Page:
06 Nov

Olive harvest underway for artisan growers in California

Article by Christopher Chung,

Workers are hand-picking olives to be turned into high-priced oil as the harvest season begins for a specialty North Coast crop that has much of the artisan appeal of fine wines.

But the crop is small, and the region’s olive-growing pioneers are closely watching the mechanization that is transforming their fledgling industry elsewhere in California.

A crew of 15 workers at the DaVero orchard in the hills west of Healdsburg painstakingly stripped olives from delicate branches and allowed them to fall onto black fabric tarps for eventual collection into huge bins.

The yield is lighter this year, mostly because of the trees’ typical alternation of light and heavy production, and also because of possible other factors including frost and heavy winds last spring.

California’s olive oil business has grown steadily since 1991 when a few North Coast enthusiasts planted different varieties of Italian trees.

Today the region has more small-scale producers than anywhere else in California. Sonoma County’s estimated 150 growers outnumber those of any other county in the state.

But the industry’s booming growth is happening in the Central Valley, where plantings have quadrupled in the past four years. The Valley now has 17,000 acres of orchards for olive oil, compared to about 2,000 on the North Coast, according to University of California Cooperative Extension.

The growth is due to “super-high-density” orchards and mechanical harvesters that greatly reduce labor costs. Growers there plant 650 to 900 trees per acre, compared to no more than 300 per acre here.

Such techniques make olive oil production profitable on a large scale, said Paul Vossen, the UC Cooperative’s olive oil expert. In contrast, he said, the artisan producers on the North Coast mostly “are doing it for the love of it.”

The number of bottles is relatively small, and the price can be high. A bottle of the DaVero oil, about half the volume of a typical wine bottle, sells for $28.

Ninety-nine percent of the olive oil consumed in the United States comes from abroad. Most of the remaining 1 percent comes from California.

To help the industry grow, UC Davis this year launched the first university-based olive research and education center in North America. The center is part of the Robert Mondavi Institute for Wine and Food Science.

And producers this year won legislation requiring olive oil to be labeled according to definitions that meet international standards. State Sen. Pat Wiggins, D-Santa Rosa, author of the legislation, has predicted that olive oil production will grow dramatically within the next five years.

On the North Coast, two of the largest producers are the 22-acre DaVero property and the 80-acre McEvoy Ranch in Marin County southwest of Petaluma. Both planted their first trees 17 years ago.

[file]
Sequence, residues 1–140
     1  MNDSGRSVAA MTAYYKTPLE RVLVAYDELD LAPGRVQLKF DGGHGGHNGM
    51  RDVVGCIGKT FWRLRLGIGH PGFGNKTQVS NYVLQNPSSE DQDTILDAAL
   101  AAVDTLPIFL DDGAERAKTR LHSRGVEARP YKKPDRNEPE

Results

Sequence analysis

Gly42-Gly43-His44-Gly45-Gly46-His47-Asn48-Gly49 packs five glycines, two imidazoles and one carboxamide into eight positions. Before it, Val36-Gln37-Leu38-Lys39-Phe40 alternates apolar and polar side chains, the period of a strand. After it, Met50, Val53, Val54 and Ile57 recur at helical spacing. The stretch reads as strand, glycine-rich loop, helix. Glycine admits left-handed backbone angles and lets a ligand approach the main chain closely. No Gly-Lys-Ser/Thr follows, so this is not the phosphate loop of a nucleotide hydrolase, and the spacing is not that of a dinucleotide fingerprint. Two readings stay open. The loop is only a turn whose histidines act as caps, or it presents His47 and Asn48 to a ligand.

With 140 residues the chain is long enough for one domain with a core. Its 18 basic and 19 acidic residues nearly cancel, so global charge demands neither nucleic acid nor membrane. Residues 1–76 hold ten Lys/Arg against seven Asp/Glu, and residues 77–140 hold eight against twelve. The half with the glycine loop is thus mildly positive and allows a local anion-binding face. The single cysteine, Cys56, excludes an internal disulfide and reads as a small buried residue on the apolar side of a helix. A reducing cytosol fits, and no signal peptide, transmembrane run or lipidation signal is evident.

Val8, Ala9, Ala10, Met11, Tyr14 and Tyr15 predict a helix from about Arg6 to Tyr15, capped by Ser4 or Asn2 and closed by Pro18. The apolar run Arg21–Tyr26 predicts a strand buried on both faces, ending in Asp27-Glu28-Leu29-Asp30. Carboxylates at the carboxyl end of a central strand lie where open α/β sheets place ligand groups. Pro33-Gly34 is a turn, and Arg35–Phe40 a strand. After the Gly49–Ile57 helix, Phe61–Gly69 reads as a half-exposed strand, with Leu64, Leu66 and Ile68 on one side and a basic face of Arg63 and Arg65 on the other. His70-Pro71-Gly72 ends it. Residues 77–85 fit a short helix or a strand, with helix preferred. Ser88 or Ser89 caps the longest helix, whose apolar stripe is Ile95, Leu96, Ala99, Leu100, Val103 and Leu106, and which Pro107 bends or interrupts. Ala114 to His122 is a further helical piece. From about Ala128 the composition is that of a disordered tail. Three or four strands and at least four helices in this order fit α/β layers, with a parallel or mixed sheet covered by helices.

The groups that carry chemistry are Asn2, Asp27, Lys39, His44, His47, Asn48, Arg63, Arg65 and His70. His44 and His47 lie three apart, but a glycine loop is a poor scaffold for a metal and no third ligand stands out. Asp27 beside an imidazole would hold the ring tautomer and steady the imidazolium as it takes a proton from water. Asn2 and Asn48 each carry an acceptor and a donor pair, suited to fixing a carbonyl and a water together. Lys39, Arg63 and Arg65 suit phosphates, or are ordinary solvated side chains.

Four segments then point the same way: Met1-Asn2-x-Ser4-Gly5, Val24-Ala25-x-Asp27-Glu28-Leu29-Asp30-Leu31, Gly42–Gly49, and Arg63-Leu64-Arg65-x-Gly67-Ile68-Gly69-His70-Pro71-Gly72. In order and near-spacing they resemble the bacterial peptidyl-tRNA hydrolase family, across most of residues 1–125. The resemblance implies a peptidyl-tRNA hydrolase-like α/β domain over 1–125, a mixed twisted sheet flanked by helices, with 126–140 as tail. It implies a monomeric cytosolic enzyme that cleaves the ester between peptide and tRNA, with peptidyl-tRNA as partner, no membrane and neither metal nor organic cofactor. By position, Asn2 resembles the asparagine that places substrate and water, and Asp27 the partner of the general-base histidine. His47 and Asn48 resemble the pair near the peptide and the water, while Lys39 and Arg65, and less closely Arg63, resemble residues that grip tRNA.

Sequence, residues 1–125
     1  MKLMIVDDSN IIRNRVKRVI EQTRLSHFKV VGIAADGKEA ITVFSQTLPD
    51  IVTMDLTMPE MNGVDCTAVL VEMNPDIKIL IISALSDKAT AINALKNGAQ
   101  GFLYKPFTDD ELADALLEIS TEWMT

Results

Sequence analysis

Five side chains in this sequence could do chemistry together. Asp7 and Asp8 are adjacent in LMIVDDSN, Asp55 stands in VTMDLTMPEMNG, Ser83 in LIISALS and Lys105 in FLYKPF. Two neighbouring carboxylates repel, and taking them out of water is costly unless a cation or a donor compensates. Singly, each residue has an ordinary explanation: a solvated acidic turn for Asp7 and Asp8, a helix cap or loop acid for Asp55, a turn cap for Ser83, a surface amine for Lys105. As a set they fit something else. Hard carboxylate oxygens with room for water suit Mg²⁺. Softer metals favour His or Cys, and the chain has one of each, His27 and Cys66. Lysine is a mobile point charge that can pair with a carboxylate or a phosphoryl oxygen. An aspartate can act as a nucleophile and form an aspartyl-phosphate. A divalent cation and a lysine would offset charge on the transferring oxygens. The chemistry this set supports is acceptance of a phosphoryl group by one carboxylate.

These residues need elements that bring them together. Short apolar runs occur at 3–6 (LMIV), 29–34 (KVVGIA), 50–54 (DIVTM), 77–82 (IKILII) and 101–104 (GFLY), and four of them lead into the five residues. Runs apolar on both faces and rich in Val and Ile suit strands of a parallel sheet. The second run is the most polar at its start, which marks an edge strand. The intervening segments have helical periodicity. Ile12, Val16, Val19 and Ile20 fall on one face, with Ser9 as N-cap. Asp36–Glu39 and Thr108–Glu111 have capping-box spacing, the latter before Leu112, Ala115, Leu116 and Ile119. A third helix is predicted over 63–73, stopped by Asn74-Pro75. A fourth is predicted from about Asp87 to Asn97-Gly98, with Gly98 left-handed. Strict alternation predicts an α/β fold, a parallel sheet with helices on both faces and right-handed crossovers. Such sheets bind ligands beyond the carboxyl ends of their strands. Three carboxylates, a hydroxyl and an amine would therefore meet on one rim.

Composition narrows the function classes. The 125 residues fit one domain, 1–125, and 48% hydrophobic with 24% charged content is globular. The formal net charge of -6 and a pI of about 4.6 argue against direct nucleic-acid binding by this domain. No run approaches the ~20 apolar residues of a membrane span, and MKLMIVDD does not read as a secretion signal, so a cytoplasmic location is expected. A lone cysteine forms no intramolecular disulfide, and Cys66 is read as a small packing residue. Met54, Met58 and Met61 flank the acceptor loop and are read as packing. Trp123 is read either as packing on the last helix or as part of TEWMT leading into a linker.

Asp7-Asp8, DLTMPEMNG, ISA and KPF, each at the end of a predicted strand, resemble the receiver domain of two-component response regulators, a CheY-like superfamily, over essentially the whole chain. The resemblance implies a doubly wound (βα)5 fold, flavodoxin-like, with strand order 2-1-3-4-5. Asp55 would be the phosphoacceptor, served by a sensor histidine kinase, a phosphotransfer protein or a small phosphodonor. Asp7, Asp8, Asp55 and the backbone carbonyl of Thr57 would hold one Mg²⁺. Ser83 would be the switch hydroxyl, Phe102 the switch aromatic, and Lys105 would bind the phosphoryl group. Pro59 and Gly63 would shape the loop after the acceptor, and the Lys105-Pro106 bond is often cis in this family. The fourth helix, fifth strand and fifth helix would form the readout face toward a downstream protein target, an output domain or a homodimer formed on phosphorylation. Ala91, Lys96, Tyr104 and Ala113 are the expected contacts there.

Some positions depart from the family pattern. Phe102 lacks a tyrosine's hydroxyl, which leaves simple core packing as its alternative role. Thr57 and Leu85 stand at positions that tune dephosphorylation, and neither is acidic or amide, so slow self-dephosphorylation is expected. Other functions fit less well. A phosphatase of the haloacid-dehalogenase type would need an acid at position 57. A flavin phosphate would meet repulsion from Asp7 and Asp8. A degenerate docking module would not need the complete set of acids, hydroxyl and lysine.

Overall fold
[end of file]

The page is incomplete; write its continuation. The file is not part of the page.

McEvoy Ranch has a retail outlet in San Francisco’s Ferry Building, and DaVero is seeking to build a tasting room for its olive oil and wine across Westside Road from Madrona Manor.

McEvoy operates its own olive press. Besides handpicking, the workers use hand-held mechanical combs to gently slap together to harvest the fruit.

This year’s harvest will begin a little later and produce a lighter crop, said Jeff Creque, who supervises McEvoy’s mill operations. He expects the harvest to “probably start in earnest next week” and to take about two weeks to complete.

The region’s other producers rely on olive presses operating in Sonoma, Glen Ellen, Dry Creek and Hopland. Many also feature community press days where backyard growers can turn their meager crop of olives into a joint batch of oil.

Deborah Rogers, managing partner at the Olive Press, located south of Sonoma on Arnold Drive, said many of her customers are wineries that enjoy two advantages: extra sections of land on which to plant trees and existing tasting rooms for selling their oils.

Even so, she said, for many growers the effort is a labor of love. A key reason is that “harvest costs in Sonoma County are, to me, off the charts.”

The future here will focus on high-end, artisan oils and possibly include attempts to mix different approaches, for example a Spanish-style oil made with Tuscan olives.

“We are really just getting started on the experimentation,” said Alexandra Kicenik Devarenne, a olive oil consultant and former UC Cooperative Extension staff member.

At DaVero, owner Colleen McGlynn Thursday joked that her husband, NetBooks founder Ridgely Evers, got into the olive oil business due to “faulty math,” namely a calculation based on unusually high Italian oil prices and abnormally low grape prices.

Nonetheless, she said they are making money on their olive oil sales.

Standing on a hilltop with views of Fitch Mountain and Mount St. Helena, McGlynn told how the couple’s first harvest in 1994 yielded 25 gallons. Next came the first-hand lesson that “establishing a brand is really difficult.”

She said she spent hundreds of hours in supermarkets, handing out samples in what proved “a lot of missionary work.”

In olive oil, she explained, you have to take the long view.

Said McGlynn, “You plant grapes for your kids and olives for your grandkids.”

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